This is a slightly strange review – I’m reviewing an N-band router without actually owning (that I’m aware of) any equipment that receives N-band. However, what I want to know is whether (and the theory goes that it should) it will still improve signal strength.
The Zyxel comes in relatively modest packaging which, to be honest, is refreshing – a recycled box inside a thin exterior box and a few bags to hold individual pieces of equipment. Inside, there’s the router itself, two screw-on antenna (always good to see, so they can be replaced with more powerful versions, if you wish), a power supply, ethernet cable, ADSL cable, some brief instructions and a CD containing a router setup program and a more detailed manual.
The router itself is a smallish white unit with lights along the front of the top. This includes a handy wi-fi switch for quickly turning wireless off and on. Along the back is the usual 4 ethernet ports, ADSL port, power socket and, again handily, a power button.
As with most routers, set-up and administration is performed via a webpage (or via the supplied software) that you access via a supplied IP address, username and password (make sure you change the default password, though!). For initial ISP configuration, a “Wizard” will automatically configure this for you (although it can be performed manually, if you wish).
The administration menu was familiar to me, as it’s design is the same as the one on my ZyXEL NSA210 NAS drive.
The range of features available are quite considerable and suggests this is a router more for small businesses rather than your average consumer, especially considering the security features on offer. However, if like me, you like the “power options” then this will provide you with everything you might need – WMM, keyword-based website blocking, DDNS, a command-line Telnet interface, a packet-filtering firewall, management via SNMP and support for static routing and VLANs.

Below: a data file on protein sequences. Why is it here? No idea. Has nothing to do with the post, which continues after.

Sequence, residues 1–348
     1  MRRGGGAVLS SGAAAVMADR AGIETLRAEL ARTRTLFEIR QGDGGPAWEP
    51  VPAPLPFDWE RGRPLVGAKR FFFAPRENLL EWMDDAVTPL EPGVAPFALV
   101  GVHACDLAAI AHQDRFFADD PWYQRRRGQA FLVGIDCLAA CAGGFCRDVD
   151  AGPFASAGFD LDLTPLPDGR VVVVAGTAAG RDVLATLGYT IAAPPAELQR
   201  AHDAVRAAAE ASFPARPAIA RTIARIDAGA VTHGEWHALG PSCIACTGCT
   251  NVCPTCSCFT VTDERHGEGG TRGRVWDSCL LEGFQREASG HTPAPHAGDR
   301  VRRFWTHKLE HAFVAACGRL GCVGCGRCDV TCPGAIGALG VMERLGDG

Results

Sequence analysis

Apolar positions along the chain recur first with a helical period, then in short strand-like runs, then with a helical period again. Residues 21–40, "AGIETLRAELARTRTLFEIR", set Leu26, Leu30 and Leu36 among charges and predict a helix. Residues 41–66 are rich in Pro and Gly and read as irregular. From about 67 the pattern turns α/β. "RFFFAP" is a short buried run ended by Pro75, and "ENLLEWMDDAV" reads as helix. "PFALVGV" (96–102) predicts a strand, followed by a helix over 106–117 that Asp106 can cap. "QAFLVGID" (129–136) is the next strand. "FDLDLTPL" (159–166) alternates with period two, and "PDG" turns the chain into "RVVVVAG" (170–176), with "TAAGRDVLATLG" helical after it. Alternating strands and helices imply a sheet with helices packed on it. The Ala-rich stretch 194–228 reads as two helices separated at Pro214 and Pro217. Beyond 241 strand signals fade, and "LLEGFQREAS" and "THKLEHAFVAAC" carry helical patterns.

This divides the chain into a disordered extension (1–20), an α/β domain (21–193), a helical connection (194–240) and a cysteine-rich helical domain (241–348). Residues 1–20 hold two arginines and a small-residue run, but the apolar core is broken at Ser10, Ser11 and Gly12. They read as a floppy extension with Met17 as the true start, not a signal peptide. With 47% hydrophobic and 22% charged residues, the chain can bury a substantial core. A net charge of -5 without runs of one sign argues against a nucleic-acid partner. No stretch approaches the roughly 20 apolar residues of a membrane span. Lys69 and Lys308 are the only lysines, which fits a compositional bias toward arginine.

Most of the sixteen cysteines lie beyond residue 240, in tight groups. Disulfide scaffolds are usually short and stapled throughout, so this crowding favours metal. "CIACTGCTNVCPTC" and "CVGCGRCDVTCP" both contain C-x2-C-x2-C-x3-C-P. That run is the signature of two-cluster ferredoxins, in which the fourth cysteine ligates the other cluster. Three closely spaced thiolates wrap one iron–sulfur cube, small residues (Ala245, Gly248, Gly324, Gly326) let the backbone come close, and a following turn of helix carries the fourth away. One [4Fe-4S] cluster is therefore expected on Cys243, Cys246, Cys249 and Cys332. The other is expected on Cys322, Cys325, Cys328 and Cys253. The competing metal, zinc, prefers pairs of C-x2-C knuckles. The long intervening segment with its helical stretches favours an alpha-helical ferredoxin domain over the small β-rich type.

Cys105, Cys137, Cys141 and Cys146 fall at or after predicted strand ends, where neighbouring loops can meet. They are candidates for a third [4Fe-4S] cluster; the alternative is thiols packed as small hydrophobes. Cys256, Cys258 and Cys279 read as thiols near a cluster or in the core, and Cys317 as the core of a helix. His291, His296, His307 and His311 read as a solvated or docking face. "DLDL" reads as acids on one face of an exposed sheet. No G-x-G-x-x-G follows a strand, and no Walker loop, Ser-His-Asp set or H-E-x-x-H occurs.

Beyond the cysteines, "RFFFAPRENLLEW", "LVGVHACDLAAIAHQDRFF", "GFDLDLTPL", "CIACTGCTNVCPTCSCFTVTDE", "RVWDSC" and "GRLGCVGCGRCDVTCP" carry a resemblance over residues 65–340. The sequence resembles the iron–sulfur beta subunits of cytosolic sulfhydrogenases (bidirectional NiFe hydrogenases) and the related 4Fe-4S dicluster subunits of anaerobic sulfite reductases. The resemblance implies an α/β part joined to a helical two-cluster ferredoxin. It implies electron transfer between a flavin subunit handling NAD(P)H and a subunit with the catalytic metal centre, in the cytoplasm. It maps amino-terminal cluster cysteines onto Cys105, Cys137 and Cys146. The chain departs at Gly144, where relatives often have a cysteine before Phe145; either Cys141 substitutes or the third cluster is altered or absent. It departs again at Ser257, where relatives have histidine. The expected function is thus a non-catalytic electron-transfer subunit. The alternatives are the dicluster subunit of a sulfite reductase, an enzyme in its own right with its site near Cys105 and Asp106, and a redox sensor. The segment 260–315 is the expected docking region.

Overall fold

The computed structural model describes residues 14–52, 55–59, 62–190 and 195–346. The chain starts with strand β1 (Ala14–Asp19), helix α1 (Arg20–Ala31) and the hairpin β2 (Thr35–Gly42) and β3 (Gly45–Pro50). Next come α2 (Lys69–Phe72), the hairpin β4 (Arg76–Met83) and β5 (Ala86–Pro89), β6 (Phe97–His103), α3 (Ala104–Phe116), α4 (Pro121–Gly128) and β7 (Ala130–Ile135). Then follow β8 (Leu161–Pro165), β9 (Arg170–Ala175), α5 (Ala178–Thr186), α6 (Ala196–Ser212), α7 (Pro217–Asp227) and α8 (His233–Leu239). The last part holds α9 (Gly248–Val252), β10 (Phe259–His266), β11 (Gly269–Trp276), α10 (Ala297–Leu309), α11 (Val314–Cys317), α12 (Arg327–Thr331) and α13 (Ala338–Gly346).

A firmware update is available, so I’d recommend upgrading that as soon as you can.
I set the ZyXEL up next to my current router, a Netgear DG834Gv4, and only had one powered on at a time. In all cases, encryption was turned on, but only WEP.
Signal tests were then performed one storey up and the other side of the house – in this case, my bedroom!
Running an Android wi-fi analyser I could see a definite 5-10db signal improvement from the ZyXEL, compared to the Netgear. Running Network Stumbler on my Netbook, I observed similar improvements (see graphs). For the layman, this is an extra bar on the wi-fi signal meter.
For file performance tests, I transferred 407MB of data (consisting of 118 files and 15 folders) between my Acer Netbook and my daughter’s aged IBM Thinkpad, both running Windows XP SP3. My Netbook was downstairs in the living room, whilst my daughter’s laptop was in her room – opposite ends and storeys of the house, ensuring they were a good distance apart. The router was situated downstairs, about half way between the two machines.
The Netgear performed the transfer in 5 minutes 40 seconds, equating to 1.2 MB/s. The ZyXEL performed the transfer in 5 minutes, 19 seconds, equating to 1.3 MB/s.
So, a definite improvement in signal strength, but little in the way of performance. As N to G band shouldn’t improve the speed itself, this is the result I expected.
An excellent router at a good price. Packed full of features, it may be overkill (and a little confusing) for the average consumer, but for a small business or “tech head” such as me it’s ideal.
Even if you haven’t yet upgraded your laptop to N-band, this will still provide a stronger signal strength.
At the time of the review, the best price I found was a little over £64 at eBuyer.